Protecting the workers

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The government is considering providing MOP14 million (US$1.7 million) to live poultry businesses as financial support for employers to compensate laid off employees in the sector, the President of the Civic and Municipal Affairs Bureau (IACM), José Tavares, said yesterday.
The statements were made after a meeting yesterday between the department and 50 representatives of the live poultry sales sector.
“With the business’ employees expected to be laid off from their sales businesses. the government intends to grant this support, so that employers can compensate the employees,” the IACM President informed.
An outbreak of avian influenza in the city in February led to the complete suspension of live poultry sales from May 1 of this year.
The department informed that there are currently 61 employers and 154 employees in the live poultry sales sector, representing a possible compensation of MOP90,909 per employee.
The workers will also be provided with an extra amount representing two month’s salary.
“This pecuniary compensation should be mandatory for the employers, but since they might be unwilling or not able to provide it, the government wants to lend a hand,” Mr. Tavares informed.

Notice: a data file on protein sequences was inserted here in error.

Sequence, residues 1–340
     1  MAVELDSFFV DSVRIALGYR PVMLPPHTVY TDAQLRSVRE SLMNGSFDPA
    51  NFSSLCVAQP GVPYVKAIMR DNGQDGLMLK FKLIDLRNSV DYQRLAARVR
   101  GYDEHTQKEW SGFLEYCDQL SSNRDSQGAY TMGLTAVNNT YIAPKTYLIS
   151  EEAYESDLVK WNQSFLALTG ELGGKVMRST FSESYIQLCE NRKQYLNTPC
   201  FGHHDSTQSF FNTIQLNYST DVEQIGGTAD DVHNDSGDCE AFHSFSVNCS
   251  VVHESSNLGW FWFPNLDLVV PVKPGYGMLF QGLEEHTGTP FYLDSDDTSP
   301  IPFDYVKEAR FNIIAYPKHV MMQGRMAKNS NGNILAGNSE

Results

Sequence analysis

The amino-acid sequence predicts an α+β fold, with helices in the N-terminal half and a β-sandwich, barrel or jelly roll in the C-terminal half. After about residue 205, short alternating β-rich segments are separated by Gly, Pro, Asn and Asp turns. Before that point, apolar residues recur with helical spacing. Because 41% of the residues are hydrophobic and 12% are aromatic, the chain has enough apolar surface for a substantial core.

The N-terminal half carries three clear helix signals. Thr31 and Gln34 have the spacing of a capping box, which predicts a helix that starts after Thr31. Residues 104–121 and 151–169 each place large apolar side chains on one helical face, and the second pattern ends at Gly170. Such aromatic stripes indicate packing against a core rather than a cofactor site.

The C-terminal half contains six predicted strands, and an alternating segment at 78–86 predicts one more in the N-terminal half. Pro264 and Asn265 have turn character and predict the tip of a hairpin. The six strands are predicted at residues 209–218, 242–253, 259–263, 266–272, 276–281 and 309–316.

The government will also provide compensation of MOP200 per culled poultry to the businesses, with around MOP6 million to be granted in June.
According to the IACM head, the amount was reached after calculating the number of employees, the average salary, and the period of work provided, with the proposal being accepted by the sector representatives.

Paying the bosses
The compensation to be provided to the employers for the cessation of their businesses was also discussed, with representatives proposing compensation of a possible MOP10 million per business, which the IACM considered as “unreasonable”.
The sector representatives were also given a proposal of support, in case they would like to change their business activity, with a questionnaire being provided after the meeting for each salesperson to indicate if they were willing to undergo such a change.
According to Tavares, a similar arrangement as that provided by the Hong Kong government – an MOP800,000 amount per salesperson for support – was being discussed, with the change in living expenses being considered.
“The compensation could be a considerable amount, with the employers not being able or willing to provide it. But IACM is willing to guarantee support,” he added.
Mr. Tavares said that with the people in the sector being generally elderly and having been in the sector for many years, finding a different job was a more difficult task, so the possibility of maintaining the same market stand but selling a different kind of produce was also presented.